# [EM] Proportional Approval System

Toby Pereira tdp201b at yahoo.co.uk
Sat May 31 09:32:07 PDT 2014

```I've come up with a system of proportional representation using approval voting that I think avoids many of the problems of other systems.

For each voter, their score is the number of elected candidates that they "possess". If v voters have voted for a particular candidate, then each voter possesses 1/v of that candidate. If there are c candidates and v voters, then as long as each elected candidate has received at least one approval, then the average possession score for a voter is c/v. Full proportionality is achieved if every voter has a score of c/v. The measure of a set of candidates is the average squared deviation from c/v for the voters' scores (lower deviation being better). For example:

4 to elect

3 voters: A, B, C, D
1 voter: E, F, G, H

The obvious proportional result is A, B, C, E. And you can see that the 3 ABCD voters would each possess 1/3 of each of A, B, C, so would have a score of 1. The single EFGH voter would fully possess E, so would also have a score of 1. c/v in this case is 1 so this is trivially a proportional result.

But this also works where there are commonly rated candidates. For example:

6 to elect

20 voters: A, B, C, D, E, F
10 voters: A, B, C, G, H, I

Reweighted Range Voting http://www.rangevoting.org/RRV.html would elect A, B, C, D, E, F on the basis that 20 voters get 3 candidates and 10 voters get 3, making it "proportional". But I would argue it's best to ignore candidates approved by all when considering who else to elect. In this case the 20 ABCDEF voters would all have a score of 3 * 1/30 + 3 * 1/20 = 1/4. The 10 ABCGHI voters would score 3 * 1/30 = 1/10.

Whereas with A, B, C, D, E, G, the 20 ABCDEF voters would score 3 * 1/30 + 2 * 1/20 = 1/5. The 10 ABCGHI voters would score 3 * 1/30 + 1 * 1/10 = 1/5. The equal scores imply a proportional result. To check, c/v = 6/30 = 1/5 so it all adds up.

This also works for other examples that I've tried. Where there isn't an exact proportional result available, the squared deviation seems to work as the best measure. For example:

4 to elect

5 voters: A, B, C, D
3 voters: E, F, G, H
1 voter: I, J, K, L

I won't do the maths here, but this would give an exact 3-way tie between ABCE, ABEF and ABEI. This is the same as the result that Sainte-Laguë would give (which I would argue is objectively more proportional than D'Hondt).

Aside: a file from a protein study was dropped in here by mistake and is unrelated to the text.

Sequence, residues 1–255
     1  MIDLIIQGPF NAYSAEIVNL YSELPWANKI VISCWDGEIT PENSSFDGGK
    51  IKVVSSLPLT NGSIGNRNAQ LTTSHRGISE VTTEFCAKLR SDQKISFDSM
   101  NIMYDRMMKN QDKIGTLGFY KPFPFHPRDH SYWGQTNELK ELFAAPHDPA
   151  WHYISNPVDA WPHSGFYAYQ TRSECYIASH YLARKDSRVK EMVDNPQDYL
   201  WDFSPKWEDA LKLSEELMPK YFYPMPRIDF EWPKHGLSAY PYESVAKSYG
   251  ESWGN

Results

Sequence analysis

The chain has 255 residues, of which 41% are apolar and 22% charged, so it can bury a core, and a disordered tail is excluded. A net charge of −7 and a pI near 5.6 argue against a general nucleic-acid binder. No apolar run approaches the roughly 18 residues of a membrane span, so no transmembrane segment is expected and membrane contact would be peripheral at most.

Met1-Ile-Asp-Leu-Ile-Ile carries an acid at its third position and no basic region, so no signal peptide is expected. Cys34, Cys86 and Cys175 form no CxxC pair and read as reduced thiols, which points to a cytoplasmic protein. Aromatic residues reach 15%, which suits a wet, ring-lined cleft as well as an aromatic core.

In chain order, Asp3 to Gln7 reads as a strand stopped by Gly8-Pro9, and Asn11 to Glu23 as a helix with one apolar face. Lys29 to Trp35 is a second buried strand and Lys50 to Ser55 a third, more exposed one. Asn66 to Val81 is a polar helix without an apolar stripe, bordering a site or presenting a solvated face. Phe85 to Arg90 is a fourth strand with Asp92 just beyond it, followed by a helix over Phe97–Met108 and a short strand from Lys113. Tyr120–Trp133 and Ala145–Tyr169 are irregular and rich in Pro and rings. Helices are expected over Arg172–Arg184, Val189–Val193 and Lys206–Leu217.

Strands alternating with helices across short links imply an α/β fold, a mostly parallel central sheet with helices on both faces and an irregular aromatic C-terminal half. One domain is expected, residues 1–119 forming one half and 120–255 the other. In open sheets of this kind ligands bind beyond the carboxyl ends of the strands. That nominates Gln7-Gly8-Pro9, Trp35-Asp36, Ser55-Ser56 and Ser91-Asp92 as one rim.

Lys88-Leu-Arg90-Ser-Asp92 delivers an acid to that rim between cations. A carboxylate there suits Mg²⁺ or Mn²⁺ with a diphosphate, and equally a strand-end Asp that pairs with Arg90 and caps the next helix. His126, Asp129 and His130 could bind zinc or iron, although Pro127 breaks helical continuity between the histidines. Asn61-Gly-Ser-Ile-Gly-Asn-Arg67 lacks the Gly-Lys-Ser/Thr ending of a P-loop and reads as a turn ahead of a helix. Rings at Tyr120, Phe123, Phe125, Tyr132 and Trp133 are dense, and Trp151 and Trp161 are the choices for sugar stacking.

It's not obvious how to score a set of candidates where at least one candidate has no approvals, but this should never cause a problem. As long as there are at least as many approved candidates as seats, there is no need to consider unapproved candidates. If there aren't, you would always elect all the approved candidates anyway.

For a similar reason, it's not obvious what to do with score voting. For example, if a single voter has given a candidate a score of 1 out of 10, then does this voter possess 1/10 of this candidate or the whole candidate? And if 10 voters have given a score of 1/10 then do they each possess 1/100 or 1/10? If it's 1/100, then candidates won't be "fully possessed" and we end up with a no obvious way of working out the best set of candidates because the average c/v would not be the same for each set of candidates and we'd be looking at more than just the squared deviation. We'd have to consider both average and deviation, which would make it messy. But otherwise we end up with a voter fully possessing a candidate that they've given a low score to, and this would count against that voter. So at the moment, this is just a system for approval voting.

I think this is superior to the approval version of Reweighted Range Voting because it is independent of commonly approved candidates, and so it also avoids the proportionality problems that this can cause, which I have discussed elsewhere.

It is also superior to STV methods because in these methods a voter is considered to just have a single vote and if that vote is fully assigned to a candidate then it doesn't matter what else happens. For example:

4 to elect

10 voters: A, B, C, D
10 voters: A, B, C, D, E, F

The best result here seems to be A, B, C, D, but STV is indifferent between this and, say, A, B, E, F. The 10 ABCD voters can have their votes assigned to A and B (5 to each) and the 10 ABCDEF voters can have their votes assigned to E and F (5 to each). This would heavily favour the ABCDEF voters. In practice, most STV methods wouldn't do this because of the sequential way they operate. But STV methods that consider whole sets of candidates non-sequentially would be indifferent to these results. So avoiding this result would be more accidental than ideological.

However, my method is also indifferent between results that you might expect a method not to be. For example:

2 to elect

10 voters: A, B, C
10 voters: A, B, D

You might think that A, B is the obvious result. But my system would say this is equal to C, D. So in this sense it could be said to fail monotonicity. However, I do think it makes sense in the way that proportional systems work. If A and B are elected, then they are both "shared" among all 20 voters. Where if it's C and D then although each voter only has one candidate, they share the candidate with half as many people, and their possession score would be the same under either result.

If this all stands up, I think this is better than the other systems of proportional representation based on approval voting that I've seen.
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